In 1995, an article published in the journal AIDS by Nick Crofts and colleagues described the few harm reduction programs in Asia and concluded that the “prevention of HIV infection among PWID is possible and occurring in Asia on a small scale and that the urgent challenge is to increase the scale of what is now a demonstratedly effective response to meet the scale of the epidemic (Crofts et al, 1995)”.
In 1996, the Indian State of Manipur in North East India, struggling to cope with high levels of drug injecting and extremely high HIV prevalence rates, became the first in Asia to adopt Harm Reduction as the official State Policy to address HIV amongst PWID. With 80% of PWID infected with HIV, Manipur had the dubious distinction of being called the AIDS capital of Asia.

In 1996, at a satellite workshop held just after the International Conference on the Reduction of Drug related Harm in Hobart, Australia, representatives of the few Asian harm reduction programs met to share their experiences for development of a manual on harm reduction in Asia. Authored by Nick Crofts, Genevieve Costigan and Gary Reid from the Centre for Harm Reduction, Burnet Institute, Melbourne, the Manual for Reducing Drug Related Harm in Asia was published in 1999 and became a seminal publication that was one of the main resources available to Asian audiences.

The participants at the satellite workshop in 1996 decided to form the Asian Harm Reduction Network to nurture and support harm reduction in the Asian region. The network soon became instrumental in advocating and promoting harm reduction and linking the few isolated programs in the region and a forum for disseminating information on good practices in Asia through newsletters and a website, exposing harm reduction to a much wider audience. Initially based at the Macfarlane Burnet Institute for Medical Research in Melbourne, Australia, the Secreteriat moved to an office at the Centre for Disease Control, Region 10, Chiang Mai, Thailand in 1997. At the same time, UNAIDS and WHO began to endorse and promote harm reduction principles and methodology to prevent and control the rapid diffusion of HIV epidemics among PWID across the region.

Another significant development in the regions response to drug use and HIV came from the UN. Co-chaired by UNAIDS and UNODC, the United Nations Regional Task Force on Drug Use and HIV/AIDS Vulnerability in Asia and the Pacific was established in 1997 to support the United Nations System identify priorities and propose strategies, guidelines and options for collaborative activities on HIV vulnerability and drug use in the Asia Pacific region.(United Nations, 2006) The Task Force went through two distinct phases, starting with a period of confrontation between the public security and public health authorities. However, drug control and HIV prevention activities implemented on the ground catalyzed an environment more conducive to the second phase, one of advocacy and dialogue.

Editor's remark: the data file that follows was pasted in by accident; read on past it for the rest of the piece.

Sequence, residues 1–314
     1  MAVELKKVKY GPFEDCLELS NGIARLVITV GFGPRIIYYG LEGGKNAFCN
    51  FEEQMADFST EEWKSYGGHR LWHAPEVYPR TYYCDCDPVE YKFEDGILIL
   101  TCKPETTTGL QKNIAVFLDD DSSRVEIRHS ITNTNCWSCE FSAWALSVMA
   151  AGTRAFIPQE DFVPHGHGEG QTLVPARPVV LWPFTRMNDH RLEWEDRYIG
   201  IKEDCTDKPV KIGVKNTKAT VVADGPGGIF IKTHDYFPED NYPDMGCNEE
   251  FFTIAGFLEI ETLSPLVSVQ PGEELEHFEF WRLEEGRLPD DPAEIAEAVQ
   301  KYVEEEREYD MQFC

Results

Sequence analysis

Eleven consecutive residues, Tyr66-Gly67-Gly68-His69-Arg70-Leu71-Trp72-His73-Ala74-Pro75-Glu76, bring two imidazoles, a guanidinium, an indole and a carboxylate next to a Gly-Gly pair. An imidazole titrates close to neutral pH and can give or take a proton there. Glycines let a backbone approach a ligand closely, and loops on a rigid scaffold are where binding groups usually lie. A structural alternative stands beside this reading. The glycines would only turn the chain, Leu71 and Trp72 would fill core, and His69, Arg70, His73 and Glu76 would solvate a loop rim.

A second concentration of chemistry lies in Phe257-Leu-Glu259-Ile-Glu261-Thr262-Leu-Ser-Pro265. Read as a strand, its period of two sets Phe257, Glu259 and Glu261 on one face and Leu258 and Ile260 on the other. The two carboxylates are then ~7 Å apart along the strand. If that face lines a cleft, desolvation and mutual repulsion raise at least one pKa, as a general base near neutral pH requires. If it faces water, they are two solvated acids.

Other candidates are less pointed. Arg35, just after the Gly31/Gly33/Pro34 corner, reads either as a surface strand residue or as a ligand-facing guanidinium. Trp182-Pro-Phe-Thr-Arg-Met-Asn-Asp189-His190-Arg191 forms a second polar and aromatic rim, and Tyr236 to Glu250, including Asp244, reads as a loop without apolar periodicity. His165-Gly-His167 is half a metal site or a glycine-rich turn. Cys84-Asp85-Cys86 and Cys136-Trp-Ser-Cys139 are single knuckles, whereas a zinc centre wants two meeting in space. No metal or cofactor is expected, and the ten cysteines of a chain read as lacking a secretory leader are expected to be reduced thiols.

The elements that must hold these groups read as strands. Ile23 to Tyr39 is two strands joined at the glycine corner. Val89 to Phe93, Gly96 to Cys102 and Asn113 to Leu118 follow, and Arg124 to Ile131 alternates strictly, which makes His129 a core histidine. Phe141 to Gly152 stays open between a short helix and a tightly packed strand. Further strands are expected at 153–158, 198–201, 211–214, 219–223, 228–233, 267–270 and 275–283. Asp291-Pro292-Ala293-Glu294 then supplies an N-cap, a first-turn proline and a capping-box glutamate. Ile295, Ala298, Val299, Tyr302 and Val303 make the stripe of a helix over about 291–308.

Holding regular meetings, the Task Force was a forum for collaboration between a wide range of stakeholders. Regional meetings held in China, Indonesia, Myanmar and Thailand between 1999 and 2001 were an important forum for moving the agenda at the country level. The Task Force generated better communication, especially on sensitive issues such as HIV risk in prisons, between different agencies in countries with assistance from international experts. The regional meetings allowed the host countries as well as the participants and observers to share information and discuss plans to implement HIV prevention programs for drug users and their families. In 2005, the Task Force was reconstituted and renamed the United Nations Regional Task Force on Injecting Drug Use and HIV/AIDS for Asia and the Pacific and continued to lobby for policy change to enable harm reduction in the region.
Technical assistance, capacity building and training programs were organized by UN organisations, academic and medical research organizations, funders and INGOs targeted at government, law enforcement and public health authorities. These workshops introduced evidence of the effectiveness, health benefits and cost effectiveness of harm reduction, and created the enabling environment that resulted in changes to laws and policies legitimizing harm reduction. The substantial funding made available for HIV prevention among PWID by development agencies, notably the Australian AusAID, United Kingdom’s DfID and the United States USAID, significantly contributed to the piloting, initiation and establishment of harm reduction in countries across the region.

By the early 2000s, many Asian countries began to embrace harm reduction principles and initiate HIV prevention programs for people who inject drugs, followed by the expansion and scale up of programs. At the end of 2010, out of twenty five Asian countries reporting the injecting of drugs, sixteen countries had endorsed harm reduction in their national policies and introduced needle and syringe programs, while twelve countries had begun opioid substitution therapy, mainly with methadone and buprenorphine (IHRA, 2010).